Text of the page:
You’re really making a point about going to the cinema. I like that. What do you have to say about Christian filmmakers casting only “Christian” actors? Casting the “popular” faces seems to increase box office sales if Christian filmmakers were to capitalize on cinema.

The cast is also one of the strengths of a movie that sells a movie. Yes, I totally agree with you. There are the categories of Christian filmmakers that are willing to be daring enough to step into the mainstream and want to collaborate and make use of people that are well known and popular. That’s one category.


Now, there are the categories that are not daring enough or comfortable enough to cast actors that are not “born again”. Yeah, so my duty is working with both arms. Do they want to make use of the cast that are within the church? That is fine. Do they want to engage with culture and be in the mainstream? Fine, too.


I attended the African Indigenous Language Film Festival two weeks back. It was the first one that they had. They were promoting indigenous language films. So that is a market for films in Ibibio, Hausa, Yoruba, Igbo, name it. And the audience for that market would go see those kinds of movies.


So, my duty is not to fight those that want to use the church. Our duty is to find the balance for both ends. And, at the same time, whether you’re using people that are in the mainstream, whatever you do, let it be an excellent production, engaging culture, while also preaching to show that you’re representing Christ well.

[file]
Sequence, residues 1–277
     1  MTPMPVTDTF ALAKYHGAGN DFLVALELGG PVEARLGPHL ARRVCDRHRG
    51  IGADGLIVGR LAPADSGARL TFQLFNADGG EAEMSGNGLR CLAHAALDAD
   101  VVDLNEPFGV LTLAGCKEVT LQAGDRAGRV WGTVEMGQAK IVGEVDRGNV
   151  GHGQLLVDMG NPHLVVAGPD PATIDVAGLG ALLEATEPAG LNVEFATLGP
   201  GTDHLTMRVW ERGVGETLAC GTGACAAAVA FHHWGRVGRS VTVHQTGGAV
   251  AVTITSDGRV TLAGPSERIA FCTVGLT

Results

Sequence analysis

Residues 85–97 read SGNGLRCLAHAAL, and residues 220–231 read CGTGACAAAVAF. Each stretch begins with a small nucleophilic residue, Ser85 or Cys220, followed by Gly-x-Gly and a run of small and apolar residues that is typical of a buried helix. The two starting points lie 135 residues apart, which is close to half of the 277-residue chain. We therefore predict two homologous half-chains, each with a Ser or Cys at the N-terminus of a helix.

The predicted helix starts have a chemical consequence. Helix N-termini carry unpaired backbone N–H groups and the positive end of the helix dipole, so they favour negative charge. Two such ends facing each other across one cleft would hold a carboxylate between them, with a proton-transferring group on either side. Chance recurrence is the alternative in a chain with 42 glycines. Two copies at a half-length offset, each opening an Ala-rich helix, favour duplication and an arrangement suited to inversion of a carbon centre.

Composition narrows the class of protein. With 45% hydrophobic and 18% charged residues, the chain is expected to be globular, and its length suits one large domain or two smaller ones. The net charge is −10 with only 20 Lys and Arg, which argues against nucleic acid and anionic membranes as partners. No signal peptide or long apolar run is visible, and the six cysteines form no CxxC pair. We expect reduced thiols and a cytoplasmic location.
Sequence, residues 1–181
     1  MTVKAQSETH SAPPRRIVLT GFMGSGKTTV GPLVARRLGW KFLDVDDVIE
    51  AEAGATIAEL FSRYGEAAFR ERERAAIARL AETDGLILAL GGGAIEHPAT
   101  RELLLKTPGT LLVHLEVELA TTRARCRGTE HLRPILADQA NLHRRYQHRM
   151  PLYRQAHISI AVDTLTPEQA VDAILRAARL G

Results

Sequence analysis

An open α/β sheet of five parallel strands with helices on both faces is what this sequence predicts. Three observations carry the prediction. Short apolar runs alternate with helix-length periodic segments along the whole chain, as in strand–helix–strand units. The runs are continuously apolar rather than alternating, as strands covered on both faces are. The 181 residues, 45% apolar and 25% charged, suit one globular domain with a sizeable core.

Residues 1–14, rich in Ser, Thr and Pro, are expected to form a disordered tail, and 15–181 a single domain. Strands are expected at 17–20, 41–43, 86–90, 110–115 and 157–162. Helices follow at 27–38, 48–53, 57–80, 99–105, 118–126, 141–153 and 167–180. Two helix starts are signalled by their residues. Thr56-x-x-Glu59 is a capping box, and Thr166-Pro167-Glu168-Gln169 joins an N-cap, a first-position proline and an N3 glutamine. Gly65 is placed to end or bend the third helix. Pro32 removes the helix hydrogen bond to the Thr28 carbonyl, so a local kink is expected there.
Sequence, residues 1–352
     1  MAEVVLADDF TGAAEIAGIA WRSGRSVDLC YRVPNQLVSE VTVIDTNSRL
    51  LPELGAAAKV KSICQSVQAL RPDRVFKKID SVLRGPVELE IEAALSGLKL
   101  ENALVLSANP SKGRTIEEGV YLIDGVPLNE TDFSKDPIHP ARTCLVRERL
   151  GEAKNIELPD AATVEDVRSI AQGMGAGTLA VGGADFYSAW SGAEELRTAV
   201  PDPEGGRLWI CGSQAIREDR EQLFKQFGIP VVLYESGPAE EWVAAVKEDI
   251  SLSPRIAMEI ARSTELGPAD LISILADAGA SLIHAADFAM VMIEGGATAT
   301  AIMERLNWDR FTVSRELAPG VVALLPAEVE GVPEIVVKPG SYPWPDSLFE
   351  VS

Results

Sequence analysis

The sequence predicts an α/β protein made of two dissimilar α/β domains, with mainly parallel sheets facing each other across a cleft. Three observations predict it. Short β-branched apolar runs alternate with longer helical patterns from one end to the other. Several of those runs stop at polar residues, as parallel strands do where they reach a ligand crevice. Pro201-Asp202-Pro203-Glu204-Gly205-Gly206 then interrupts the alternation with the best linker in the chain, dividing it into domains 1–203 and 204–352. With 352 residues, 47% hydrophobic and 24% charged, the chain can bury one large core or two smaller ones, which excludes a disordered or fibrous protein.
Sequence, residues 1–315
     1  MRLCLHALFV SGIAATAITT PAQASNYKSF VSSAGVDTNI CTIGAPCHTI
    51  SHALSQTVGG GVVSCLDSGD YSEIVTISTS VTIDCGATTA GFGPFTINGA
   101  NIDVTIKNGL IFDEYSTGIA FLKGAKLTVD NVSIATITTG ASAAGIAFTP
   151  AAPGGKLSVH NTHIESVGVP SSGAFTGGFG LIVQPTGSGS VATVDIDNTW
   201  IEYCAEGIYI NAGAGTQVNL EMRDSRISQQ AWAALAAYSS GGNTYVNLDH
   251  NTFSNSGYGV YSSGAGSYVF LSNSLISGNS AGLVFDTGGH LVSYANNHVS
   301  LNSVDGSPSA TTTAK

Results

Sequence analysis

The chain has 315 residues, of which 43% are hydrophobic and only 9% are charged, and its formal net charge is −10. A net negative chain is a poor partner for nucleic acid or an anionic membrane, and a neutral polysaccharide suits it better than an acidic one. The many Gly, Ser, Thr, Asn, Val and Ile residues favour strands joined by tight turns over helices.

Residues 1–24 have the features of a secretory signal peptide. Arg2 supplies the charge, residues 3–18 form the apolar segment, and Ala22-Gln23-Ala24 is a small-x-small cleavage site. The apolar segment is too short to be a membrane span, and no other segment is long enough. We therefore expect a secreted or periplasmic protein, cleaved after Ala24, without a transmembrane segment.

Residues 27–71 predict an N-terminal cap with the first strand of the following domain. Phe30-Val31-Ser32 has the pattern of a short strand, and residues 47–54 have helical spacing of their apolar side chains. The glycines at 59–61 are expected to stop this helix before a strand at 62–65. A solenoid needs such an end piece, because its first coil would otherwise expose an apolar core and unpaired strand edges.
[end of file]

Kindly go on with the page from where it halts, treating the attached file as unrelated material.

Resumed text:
Participant registering at a previous Kingdom Festival

Do you think there’s a market for Christian movies on streaming platforms like Netflix and Prime video?

My darling, there is. We don’t have to compromise to fit in. So long as the movie ticks all the boxes and standards of an ideal blockbuster movie, what are we saying again? We’re going to push it to as many streaming platforms that are willing to bank on us. Do you understand? They cannot reject you so long as your work is top-notch.


What different thing are you bringing to the festival this year that wasn’t available last year?

We are partnering with Ebony Life. Ebony Life Creative Academy to be precise. So, with this year, we’ve opened it up a bit more. We’ll be having the smartphone film competition. And we’re also going to have the short film competition. And the interesting thing is that the winners would get admission into the Ebony Life Creative Academy for 2024. There will be other prizes we’re yet to reveal.